Thursday, August 11, 2022

‘Seeing is believing’: Meet the women fighting discrimination in the science profession

Xia Westerman was interested in studying geology, but was forced to pursue an arts degree due to a lack of flexibility during field trips.

“I’ve always been interested in studying that subject. I tried to find local universities so I could study on campus,” she said.

“I tried searching online. I found something where you had to go abroad to study… I didn’t want to do that at that time.”

Ms Westerman, who suffers from muscular dystrophy and uses a wheelchair, could not find anything in Australia that was able to meet her needs.

Statistics from the Australian Institute of Health and Welfare show that only a small number of higher education students have disabilities.

In 2022, people with disabilities made up only 6.3 per cent of university enrollment in Australia, and only 1.2 per cent had a severe disability. Only a handful of them studied science.

Women with disabilities ‘underestimated’

Geologist and lecturer Melanie Finch believes that the lack of inclusion in geology is an attitude problem rather than a lack of opportunities for academics with disabilities.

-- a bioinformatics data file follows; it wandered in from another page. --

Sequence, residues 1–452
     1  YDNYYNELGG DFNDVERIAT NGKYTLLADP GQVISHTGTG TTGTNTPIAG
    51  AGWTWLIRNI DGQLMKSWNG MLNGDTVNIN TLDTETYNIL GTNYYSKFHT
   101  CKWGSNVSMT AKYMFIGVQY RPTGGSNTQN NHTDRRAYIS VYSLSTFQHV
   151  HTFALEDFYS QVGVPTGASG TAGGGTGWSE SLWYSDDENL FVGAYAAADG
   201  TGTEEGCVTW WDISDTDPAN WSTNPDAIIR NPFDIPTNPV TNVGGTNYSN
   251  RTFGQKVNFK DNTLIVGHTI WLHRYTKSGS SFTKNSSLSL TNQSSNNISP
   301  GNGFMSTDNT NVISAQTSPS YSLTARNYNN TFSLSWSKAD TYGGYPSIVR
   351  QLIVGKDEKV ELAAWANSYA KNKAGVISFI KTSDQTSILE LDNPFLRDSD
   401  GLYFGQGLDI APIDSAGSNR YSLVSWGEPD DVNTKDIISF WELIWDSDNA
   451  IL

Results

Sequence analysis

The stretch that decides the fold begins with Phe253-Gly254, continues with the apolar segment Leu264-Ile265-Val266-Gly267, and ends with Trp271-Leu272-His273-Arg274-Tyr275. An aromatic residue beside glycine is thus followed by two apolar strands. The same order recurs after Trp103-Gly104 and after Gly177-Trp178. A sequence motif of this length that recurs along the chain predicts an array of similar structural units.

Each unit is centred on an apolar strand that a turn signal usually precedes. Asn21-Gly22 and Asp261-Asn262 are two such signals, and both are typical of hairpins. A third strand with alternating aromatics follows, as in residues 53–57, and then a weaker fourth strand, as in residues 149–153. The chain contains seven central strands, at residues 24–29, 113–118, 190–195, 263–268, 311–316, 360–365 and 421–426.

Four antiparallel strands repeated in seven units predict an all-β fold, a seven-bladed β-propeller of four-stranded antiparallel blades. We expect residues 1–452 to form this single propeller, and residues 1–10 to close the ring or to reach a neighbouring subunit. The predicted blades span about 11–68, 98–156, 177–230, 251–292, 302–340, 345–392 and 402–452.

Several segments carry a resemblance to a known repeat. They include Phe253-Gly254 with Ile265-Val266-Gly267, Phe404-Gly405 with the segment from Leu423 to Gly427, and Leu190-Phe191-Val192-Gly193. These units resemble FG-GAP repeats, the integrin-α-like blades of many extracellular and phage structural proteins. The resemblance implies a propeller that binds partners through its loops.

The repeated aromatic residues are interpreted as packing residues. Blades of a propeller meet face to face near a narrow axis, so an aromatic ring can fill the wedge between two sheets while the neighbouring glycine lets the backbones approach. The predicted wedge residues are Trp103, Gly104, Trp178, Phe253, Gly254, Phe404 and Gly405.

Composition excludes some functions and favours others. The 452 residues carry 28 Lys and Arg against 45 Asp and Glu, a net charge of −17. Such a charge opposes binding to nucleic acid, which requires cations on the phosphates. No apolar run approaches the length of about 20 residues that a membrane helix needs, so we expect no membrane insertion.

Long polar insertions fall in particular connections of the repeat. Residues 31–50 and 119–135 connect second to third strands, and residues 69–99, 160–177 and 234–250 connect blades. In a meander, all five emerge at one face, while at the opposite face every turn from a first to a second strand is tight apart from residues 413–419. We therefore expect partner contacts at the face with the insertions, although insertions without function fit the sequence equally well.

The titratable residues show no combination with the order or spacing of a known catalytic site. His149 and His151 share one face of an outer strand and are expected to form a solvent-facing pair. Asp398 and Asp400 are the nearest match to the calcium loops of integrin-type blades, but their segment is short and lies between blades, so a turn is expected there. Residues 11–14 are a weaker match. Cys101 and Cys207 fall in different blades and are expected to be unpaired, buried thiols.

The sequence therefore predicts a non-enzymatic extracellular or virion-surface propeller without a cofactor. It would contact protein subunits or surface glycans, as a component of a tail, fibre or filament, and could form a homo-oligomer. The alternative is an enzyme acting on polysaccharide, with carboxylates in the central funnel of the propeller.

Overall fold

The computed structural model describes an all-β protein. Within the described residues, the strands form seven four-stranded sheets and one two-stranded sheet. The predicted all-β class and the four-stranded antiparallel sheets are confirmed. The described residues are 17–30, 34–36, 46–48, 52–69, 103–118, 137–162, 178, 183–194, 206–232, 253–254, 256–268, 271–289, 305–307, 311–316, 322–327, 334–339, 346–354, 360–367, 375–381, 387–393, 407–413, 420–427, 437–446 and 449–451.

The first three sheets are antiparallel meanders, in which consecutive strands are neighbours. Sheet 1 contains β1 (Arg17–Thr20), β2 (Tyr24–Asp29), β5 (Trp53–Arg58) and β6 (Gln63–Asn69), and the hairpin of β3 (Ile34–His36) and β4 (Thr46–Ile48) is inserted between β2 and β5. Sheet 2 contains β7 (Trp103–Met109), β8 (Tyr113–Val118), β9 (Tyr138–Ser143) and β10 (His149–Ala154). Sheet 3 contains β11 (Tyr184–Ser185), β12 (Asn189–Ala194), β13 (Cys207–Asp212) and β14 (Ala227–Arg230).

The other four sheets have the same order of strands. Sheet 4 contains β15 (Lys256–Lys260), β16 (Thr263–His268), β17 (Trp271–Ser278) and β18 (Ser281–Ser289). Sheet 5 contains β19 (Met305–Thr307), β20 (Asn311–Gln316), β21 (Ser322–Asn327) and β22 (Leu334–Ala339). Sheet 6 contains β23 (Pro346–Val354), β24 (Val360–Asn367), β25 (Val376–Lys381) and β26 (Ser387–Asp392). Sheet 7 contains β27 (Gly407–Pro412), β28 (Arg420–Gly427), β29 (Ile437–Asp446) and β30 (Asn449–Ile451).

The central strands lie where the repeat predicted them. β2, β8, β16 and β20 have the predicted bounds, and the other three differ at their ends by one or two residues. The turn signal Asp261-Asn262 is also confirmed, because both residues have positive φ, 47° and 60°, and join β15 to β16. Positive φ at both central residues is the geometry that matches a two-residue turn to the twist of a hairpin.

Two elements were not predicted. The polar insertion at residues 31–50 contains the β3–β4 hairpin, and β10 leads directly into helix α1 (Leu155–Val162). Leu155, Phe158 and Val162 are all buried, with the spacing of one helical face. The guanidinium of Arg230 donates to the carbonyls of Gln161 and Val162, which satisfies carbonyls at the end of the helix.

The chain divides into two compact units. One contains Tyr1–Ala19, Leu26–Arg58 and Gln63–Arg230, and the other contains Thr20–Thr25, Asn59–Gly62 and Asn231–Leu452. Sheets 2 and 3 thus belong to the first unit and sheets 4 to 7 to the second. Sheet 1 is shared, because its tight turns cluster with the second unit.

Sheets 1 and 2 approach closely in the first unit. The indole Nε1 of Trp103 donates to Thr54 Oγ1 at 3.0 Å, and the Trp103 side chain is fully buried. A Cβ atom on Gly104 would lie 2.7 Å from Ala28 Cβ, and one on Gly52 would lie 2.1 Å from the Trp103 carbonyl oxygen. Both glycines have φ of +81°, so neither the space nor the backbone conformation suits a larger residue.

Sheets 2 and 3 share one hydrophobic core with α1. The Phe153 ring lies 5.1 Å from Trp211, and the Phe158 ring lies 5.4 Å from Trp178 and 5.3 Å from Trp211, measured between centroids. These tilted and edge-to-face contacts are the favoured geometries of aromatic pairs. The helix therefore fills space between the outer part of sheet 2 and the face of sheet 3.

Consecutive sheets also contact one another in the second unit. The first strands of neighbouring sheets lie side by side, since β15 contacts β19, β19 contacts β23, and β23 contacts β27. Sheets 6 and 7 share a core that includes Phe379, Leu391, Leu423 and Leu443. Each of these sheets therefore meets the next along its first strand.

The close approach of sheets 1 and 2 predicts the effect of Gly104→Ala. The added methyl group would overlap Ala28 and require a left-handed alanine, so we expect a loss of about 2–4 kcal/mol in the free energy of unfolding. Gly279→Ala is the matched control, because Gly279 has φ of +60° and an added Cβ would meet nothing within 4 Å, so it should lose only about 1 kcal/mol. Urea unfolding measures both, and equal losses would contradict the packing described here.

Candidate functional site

Melanie Finch encourages women to pursue careers in science, technology, engineering and mathematics (STEM).,supply,

“General Approach” [is] You will not be able to become a geologist because you are not able to traverse the rough terrain,” she said.

“It’s ridiculous. There are hardly any geologists traveling the rough terrain on a regular basis.”

“People with disabilities may be underestimated or written off in a way because people don’t understand the scope of what people with disabilities are capable of,” Finch said.

Finch has become a leader in breaking gender stereotypes about scientists and is a powerful role model for girls and women seeking careers in male-dominated industries.

Melanie Finch holds her camera with the rocks and the sea in the background
Dr. Finch says there is a lot of room for women with disabilities in geology. ,supply,

Dr Finch is moving forward on multiple fronts as a lecturer in geology at James Cook University and as chair of Women in Earth and Environmental Sciences in Australia (WOMEESA), connecting women working in academia, industry and government. network is.

‘Leaked pipeline’ sees women out of the workforce

A research paper co-authored by her found that nearly half of geoscience students were female, but as they enter the workforce, the numbers begin to drop.

It found that this “leaking pipeline” extends to academia, as well as the mining industry in Australia, and that the starting salaries of male university graduates were about six percent higher than that of women in geosciences.

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